sscord - explore working set behavior and generate cord feedback files
sscord [-fb <feedback-file-name>] [-wsl <ws-list-file>] [-ws <analysis>]
[-v|-V] [-scheme schemeName] executable
sscord is a tool designed to allow a user to explore the working set
behavior of an executable or shared library (DSO), and to construct a
feedback file for use by cord to generate an executable with improved
sscord reads the executable or DSO given by executable, and generates a
function list from it. It can import individual working-sets or the sets
named in a working-set-list file; it can also import an existing order
(feedback file). It shows the list of working sets, and a page map for a
selected working set, and allows for operations to construct union or
intersection combinations of existing sets, to construct either of two
cord orderings, or to save a working-set-list file.
The premise for this tool is as follows: when application and/or DSOs
execute, they bring in pages from their instructions (text) as needed to
execute the chain of functions triggered by any operation. By running a
SpeedShop Performance Experiment, and capturing ideal-time data either
for samples that demarcate specific operations of the target, or periodic
samples, the user can generate working-set files, each listing all the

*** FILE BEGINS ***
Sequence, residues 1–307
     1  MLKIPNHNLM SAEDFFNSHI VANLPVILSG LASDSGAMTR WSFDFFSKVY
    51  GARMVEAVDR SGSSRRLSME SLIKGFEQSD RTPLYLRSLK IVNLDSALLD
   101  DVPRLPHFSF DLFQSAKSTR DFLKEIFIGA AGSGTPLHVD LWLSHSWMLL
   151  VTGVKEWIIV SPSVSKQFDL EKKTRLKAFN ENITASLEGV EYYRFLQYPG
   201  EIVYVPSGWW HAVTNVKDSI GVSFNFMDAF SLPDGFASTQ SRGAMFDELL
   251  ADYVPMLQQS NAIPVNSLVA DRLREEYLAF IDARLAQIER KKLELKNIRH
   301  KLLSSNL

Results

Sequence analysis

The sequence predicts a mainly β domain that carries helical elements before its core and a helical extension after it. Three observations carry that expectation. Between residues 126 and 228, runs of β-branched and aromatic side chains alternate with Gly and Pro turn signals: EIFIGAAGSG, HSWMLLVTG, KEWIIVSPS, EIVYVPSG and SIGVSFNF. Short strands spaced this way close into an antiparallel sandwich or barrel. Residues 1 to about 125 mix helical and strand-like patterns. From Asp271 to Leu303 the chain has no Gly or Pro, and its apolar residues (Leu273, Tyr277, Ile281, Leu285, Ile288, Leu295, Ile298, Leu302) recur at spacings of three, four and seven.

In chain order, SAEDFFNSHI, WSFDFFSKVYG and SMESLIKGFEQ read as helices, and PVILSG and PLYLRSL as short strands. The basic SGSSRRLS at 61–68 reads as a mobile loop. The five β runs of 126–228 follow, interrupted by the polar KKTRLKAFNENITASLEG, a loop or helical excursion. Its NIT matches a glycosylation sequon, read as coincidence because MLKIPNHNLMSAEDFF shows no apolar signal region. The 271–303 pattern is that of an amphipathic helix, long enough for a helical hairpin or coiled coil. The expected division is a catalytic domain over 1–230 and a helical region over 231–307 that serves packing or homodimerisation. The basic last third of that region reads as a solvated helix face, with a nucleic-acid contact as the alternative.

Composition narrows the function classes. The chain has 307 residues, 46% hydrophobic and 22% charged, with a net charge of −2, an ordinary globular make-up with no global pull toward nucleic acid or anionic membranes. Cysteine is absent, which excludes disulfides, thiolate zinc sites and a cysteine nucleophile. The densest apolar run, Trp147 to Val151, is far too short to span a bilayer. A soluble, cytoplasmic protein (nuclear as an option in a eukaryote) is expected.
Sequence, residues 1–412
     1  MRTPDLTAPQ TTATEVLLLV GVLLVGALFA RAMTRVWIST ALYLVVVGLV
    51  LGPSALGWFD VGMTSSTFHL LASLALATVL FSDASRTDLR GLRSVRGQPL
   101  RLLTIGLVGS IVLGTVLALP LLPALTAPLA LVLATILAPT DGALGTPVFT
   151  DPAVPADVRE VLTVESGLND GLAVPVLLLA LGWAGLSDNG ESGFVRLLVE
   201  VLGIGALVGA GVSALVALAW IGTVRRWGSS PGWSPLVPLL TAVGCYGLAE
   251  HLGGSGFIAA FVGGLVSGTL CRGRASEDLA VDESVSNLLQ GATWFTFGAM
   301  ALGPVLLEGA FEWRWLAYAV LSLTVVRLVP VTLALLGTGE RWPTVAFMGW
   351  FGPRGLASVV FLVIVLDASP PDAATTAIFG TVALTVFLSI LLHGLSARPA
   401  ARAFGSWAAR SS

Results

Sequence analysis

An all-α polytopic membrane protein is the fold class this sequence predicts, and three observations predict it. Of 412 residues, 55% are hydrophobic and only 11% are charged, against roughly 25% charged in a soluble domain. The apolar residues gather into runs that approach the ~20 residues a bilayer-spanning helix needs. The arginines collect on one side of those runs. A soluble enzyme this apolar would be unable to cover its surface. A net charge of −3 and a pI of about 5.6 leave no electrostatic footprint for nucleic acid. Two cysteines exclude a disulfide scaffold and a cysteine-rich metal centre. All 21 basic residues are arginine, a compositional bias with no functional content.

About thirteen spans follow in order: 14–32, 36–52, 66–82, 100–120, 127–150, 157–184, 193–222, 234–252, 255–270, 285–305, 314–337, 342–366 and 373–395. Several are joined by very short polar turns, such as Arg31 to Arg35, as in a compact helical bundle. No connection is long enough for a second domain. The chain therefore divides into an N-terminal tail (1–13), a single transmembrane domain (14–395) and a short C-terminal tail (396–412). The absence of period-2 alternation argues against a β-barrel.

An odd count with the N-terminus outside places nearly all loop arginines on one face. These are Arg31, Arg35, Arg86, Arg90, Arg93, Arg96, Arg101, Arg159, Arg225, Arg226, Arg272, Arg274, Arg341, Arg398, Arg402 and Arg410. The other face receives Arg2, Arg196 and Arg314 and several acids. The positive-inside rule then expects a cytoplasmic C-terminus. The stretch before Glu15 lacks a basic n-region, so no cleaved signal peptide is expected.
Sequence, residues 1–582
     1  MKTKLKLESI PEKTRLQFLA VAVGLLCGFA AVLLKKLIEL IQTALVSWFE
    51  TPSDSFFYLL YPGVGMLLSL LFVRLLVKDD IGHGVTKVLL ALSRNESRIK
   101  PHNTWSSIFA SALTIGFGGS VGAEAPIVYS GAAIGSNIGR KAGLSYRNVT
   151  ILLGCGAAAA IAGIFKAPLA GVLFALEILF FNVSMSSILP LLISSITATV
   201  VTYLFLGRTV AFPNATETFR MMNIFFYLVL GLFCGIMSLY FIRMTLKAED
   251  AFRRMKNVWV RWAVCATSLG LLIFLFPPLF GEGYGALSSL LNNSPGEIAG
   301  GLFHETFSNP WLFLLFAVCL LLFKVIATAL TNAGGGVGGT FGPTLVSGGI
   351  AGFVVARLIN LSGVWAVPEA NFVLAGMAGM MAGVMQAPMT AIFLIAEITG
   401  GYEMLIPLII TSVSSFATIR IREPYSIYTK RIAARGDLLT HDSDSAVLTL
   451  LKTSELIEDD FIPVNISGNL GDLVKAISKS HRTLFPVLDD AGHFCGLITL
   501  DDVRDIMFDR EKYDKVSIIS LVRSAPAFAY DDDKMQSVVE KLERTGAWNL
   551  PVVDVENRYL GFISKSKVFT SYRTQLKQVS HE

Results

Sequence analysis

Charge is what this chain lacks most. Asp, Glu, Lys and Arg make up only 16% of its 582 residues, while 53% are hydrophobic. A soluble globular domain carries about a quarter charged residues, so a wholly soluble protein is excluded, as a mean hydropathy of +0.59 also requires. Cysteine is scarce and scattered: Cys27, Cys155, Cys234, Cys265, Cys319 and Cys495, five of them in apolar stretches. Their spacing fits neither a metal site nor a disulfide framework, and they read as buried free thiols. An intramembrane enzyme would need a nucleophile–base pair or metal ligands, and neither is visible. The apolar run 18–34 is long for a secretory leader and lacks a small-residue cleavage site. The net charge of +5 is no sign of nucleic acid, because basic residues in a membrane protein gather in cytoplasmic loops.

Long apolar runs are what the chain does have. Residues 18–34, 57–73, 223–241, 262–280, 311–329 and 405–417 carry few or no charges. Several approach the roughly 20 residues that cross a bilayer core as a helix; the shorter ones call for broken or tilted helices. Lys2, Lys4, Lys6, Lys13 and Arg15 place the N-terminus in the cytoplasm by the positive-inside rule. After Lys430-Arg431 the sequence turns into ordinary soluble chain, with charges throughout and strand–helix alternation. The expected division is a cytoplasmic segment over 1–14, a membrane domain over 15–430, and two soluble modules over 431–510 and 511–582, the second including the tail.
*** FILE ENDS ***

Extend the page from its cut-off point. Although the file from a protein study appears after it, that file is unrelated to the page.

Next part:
functions that were executed for the operation whose beginning and end
are delineated by the caliper setting, or which were executed during each
periodic interval. From that information, and improved ordering for the
functions is generated as a feedback file to be used as input to cord(1)
(or, in the near-term future, to ld(1)).
In order to construct a cording, the user first runs one or more idealtime
experiments (either SpeedShop or WorkShop) for the executable or
DSO, taking samples at appropriate points to demarcate the desired
operations. The more carefully the sample points are chosen for
important operations, and the more complete the set of defined operations
for which data is collected, the better the ordering should be. Even if
no samples are taken, a reordering that will group executed functions
together and unexecuted function together may still improve performance.
From one or more such experiments, the user then extracts various
working-set files, written in response to the -ws or -wsall command-line